Now I don't work for that company any more. I don't have a company pension. But Linda does. She's been with the City 30 some years and could retire real soon now. Naturally, her pension is a big concern to her, and me too. Something about buying groceries will do that.
But first, I want to tell a joke. Three guys meet, an investment banker, a trade union worker, and a white collar worker. While the other two of them are introducing themselves, the banker takes 11 of the dozen doughnuts provided for the meeting, and swills most of the coffee. When they sit down, the banker tells the white collar guy, "watch out for that trade union guy, he's going to steal your doughnut."
The one phrase sure to enrage almost anyone these days is "gold-plated pension". Let's talk about this. It's often used by politicians and wealthy corporate hacks to describe the pension that civil servants will get. People like my wife, to be up front about it. People like the firefighter that walks into burning buildings to drag out you or your children. People like cops that deal with scum the rest of us don't want to think about. People that drive the ambulance to take you to the hospital where conditions that would have killed you only a few decades ago are routinely managed. People that take away your garbage, plow and sand your streets, drive the buses, take care of the parks and green spaces, run the plants the provide drinking water and treat sewage. Various inspectors to ensure that safety codes are adhered to for public safety. People that sit in offices and do the paperwork essential to making our complicated society work. People that teach your children. Those and a 1001 other jobs done by people paid by a government with money coming from your taxes.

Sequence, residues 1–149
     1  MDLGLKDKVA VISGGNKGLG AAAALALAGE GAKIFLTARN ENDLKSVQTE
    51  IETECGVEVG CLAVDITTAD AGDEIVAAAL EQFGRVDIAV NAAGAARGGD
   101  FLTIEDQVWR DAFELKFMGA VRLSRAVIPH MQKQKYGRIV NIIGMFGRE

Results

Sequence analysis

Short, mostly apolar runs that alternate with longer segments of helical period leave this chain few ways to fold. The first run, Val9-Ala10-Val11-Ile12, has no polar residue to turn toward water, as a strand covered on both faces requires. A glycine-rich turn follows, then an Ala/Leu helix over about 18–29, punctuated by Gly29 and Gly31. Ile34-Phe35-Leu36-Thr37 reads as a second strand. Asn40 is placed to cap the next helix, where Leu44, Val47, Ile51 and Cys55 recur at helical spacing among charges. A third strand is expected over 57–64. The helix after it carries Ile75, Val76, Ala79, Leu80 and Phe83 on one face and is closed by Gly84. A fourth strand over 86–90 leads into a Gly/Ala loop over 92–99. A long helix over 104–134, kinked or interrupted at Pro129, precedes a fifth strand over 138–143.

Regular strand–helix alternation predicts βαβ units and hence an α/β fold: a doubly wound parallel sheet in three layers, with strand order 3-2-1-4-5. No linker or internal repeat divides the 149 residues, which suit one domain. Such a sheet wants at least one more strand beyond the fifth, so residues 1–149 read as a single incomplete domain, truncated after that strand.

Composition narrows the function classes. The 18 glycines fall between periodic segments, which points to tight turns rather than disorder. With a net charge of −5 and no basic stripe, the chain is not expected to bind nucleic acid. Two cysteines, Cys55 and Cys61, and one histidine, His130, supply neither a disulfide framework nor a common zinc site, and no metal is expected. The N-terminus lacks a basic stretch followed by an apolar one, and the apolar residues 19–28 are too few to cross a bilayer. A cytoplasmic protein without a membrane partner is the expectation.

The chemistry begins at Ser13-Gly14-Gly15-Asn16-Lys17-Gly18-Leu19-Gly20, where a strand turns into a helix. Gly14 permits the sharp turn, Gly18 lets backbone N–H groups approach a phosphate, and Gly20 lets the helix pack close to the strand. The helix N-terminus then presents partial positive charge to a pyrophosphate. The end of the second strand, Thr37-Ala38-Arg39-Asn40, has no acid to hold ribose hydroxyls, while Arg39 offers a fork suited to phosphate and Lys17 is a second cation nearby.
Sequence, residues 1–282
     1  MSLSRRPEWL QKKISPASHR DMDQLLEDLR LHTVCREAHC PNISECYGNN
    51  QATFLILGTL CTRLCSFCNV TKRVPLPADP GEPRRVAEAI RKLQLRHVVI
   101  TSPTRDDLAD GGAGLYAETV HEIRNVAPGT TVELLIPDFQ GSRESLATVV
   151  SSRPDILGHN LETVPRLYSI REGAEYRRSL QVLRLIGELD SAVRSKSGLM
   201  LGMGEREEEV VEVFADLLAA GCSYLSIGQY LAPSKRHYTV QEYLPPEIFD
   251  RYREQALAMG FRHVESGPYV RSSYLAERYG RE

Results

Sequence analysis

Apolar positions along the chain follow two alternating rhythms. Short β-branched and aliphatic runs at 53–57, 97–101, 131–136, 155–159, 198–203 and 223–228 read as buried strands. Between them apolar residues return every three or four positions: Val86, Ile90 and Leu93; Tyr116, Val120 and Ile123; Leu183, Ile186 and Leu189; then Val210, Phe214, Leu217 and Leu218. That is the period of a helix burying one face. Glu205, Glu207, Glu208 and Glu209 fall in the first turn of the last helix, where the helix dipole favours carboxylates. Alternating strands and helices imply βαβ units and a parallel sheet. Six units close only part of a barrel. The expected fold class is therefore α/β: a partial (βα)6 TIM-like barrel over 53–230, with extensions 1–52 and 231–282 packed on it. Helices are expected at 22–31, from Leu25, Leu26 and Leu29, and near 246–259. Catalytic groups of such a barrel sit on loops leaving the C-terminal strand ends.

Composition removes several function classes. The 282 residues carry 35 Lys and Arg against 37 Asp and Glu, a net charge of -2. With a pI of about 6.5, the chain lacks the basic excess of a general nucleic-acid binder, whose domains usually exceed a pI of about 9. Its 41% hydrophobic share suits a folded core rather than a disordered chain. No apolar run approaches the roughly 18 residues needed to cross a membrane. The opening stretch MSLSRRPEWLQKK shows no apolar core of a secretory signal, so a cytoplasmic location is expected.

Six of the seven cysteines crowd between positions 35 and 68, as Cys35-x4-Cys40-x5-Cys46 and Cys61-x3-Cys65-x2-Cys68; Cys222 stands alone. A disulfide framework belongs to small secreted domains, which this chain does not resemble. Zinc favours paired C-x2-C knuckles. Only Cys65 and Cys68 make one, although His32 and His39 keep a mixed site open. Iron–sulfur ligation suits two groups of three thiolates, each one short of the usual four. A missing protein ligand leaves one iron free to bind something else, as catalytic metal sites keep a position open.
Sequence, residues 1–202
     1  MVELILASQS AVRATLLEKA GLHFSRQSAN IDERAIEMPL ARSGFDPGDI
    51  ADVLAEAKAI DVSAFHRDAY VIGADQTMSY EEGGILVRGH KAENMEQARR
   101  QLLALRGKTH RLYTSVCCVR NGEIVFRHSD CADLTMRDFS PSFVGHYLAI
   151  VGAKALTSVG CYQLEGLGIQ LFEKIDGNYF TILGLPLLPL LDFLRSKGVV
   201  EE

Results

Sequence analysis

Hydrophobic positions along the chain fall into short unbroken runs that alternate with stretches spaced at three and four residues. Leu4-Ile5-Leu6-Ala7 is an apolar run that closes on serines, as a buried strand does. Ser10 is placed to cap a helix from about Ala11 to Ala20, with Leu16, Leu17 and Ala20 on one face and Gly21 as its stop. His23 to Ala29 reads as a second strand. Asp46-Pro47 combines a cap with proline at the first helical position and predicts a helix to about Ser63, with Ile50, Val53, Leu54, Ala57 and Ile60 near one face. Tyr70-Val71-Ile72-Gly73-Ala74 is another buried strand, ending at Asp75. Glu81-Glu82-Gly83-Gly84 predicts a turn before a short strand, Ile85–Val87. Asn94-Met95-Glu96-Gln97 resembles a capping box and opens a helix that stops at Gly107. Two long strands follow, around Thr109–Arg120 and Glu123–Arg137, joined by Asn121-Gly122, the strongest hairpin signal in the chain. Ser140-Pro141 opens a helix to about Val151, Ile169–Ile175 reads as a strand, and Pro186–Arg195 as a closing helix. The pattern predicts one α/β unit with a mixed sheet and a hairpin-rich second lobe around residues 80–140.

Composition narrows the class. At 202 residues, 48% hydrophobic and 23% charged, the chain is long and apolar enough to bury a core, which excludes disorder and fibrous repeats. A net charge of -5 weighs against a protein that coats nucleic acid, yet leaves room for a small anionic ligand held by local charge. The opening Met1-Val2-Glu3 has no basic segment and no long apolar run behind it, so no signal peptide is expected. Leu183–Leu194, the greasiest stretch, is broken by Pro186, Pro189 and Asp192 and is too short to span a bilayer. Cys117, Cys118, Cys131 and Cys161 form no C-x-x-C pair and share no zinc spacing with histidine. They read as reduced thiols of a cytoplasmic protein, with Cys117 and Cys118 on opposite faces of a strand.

The wages for these people are often publicly discoverable, at least in broad ranges. One can look up the City of Calgary's union contracts on the internet, complete with wage scales. A quick look, and the highest wage I found was for a journeyman at $41 per hour, or just under 80 K a year. In a province where the oil and gas industry can pay such people much, much more.
I won't go look up the rates of pay for all those other civil servants, but it's pretty fair to say most of them don't get paid that much. Some could only dream of that kind of wage. That's a gross wage, of course, the net is considerably smaller. The pension earned after 30 years service is considerably smaller yet.
The presentation last night stated that the average pension paid to LAPP people is about $14,500 per year (before tax!), and isn't particularly well indexed now. There's many factors that go into pension calculations, and it's easy to make the average be what you want. But let's consider and compare.